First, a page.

Owls Visit Selma and Montgomery

Owls traveled to Alabama for an educational tour to wrap up Black History Month. Led by English Department Chair Elizabeth Crosby and History Department Chair Jonathan Jones, the group first stopped at the site where Ell Persons was lynched in 1917 off Summer Avenue near the Wolf River. A marker stands near where the lynching took place. This event led to the formation of the Memphis chapter of the National Association for the Advancement of Colored People.
Once in Montgomery, the group visited the Legacy Museum, which provides the history of slavery in the United States. They also visited the National Memorial for Peace and Justice, which “is dedicated to the legacy of enslaved Black people, people terrorized by lynching, African Americans humiliated by racial segregation and Jim Crow, and people of color burdened with contemporary presumptions of guilt and police violence.”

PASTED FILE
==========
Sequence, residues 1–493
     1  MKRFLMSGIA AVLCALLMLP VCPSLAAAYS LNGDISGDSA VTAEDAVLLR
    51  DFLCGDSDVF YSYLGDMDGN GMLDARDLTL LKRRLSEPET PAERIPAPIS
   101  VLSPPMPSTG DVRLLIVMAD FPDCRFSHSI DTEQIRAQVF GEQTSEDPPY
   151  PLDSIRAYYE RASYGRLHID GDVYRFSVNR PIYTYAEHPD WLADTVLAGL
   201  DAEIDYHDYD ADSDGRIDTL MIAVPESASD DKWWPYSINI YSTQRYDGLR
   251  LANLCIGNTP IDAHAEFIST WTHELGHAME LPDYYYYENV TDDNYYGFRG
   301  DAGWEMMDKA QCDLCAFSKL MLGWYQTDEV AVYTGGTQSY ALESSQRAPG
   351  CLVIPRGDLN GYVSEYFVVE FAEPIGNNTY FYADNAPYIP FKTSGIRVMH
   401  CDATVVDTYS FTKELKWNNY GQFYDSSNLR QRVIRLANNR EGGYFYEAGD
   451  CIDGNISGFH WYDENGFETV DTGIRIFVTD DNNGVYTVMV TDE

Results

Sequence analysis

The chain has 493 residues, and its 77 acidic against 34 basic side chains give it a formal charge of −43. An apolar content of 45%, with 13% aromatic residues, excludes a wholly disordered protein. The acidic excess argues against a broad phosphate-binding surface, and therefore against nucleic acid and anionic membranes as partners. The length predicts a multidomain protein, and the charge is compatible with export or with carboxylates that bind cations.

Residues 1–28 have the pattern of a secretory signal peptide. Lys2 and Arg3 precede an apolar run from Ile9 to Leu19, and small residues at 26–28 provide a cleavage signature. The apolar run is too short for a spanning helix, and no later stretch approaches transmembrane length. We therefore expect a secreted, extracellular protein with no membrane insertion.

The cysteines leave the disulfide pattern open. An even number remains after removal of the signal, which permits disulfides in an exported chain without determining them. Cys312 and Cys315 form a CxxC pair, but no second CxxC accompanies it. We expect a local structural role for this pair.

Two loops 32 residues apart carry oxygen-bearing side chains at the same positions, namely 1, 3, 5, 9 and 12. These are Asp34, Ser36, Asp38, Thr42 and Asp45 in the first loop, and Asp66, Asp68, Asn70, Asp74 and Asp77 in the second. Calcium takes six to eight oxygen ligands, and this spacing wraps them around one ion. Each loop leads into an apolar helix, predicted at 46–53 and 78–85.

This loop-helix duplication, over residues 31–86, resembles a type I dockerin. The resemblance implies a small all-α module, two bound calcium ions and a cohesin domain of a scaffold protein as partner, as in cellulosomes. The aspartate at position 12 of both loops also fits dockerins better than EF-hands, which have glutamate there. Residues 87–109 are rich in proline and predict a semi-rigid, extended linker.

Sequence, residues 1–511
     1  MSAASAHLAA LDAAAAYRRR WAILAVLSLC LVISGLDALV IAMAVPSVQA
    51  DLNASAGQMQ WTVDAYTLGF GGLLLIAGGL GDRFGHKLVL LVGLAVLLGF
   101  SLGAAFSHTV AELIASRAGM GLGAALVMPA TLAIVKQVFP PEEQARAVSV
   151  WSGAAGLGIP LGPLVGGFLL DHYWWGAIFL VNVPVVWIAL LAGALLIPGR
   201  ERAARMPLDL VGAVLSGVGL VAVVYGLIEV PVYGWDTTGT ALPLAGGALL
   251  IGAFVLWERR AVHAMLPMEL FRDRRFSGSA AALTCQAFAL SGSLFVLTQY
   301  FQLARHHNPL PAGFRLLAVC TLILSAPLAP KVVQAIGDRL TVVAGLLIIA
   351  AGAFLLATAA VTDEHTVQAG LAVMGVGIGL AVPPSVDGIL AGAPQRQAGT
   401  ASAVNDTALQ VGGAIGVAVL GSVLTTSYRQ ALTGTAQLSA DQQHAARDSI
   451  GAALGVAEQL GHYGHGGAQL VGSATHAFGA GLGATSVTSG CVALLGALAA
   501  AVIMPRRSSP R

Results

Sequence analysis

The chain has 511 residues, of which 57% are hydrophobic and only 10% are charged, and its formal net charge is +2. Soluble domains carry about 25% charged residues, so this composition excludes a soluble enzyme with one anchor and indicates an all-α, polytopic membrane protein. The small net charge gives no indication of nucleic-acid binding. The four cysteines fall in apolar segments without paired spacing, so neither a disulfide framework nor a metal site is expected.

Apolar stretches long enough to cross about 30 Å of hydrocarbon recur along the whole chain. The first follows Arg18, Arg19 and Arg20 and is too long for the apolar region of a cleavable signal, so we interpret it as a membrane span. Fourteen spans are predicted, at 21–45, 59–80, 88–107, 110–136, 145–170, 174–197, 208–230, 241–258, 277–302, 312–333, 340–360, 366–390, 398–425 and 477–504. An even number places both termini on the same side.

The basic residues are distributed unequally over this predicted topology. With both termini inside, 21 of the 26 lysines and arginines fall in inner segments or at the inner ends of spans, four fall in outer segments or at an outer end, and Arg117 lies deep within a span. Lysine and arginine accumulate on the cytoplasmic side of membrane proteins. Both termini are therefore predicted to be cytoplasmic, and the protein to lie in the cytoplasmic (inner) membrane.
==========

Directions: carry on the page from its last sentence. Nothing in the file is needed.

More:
Finally, they walked the Edmund Pettus Bridge in Selma, Alabama, the site of the “Bloody Sunday” conflict. On March 7, 1965, voting rights marchers were violently confronted by state troopers and county sheriff’s deputies while attempting to make their way to the state capitol in Montgomery.

Crosby and Jones plan to make this an annual trip to help Owls to learn about the history of the Civil Rights Movement.

See photos from the trip HERE.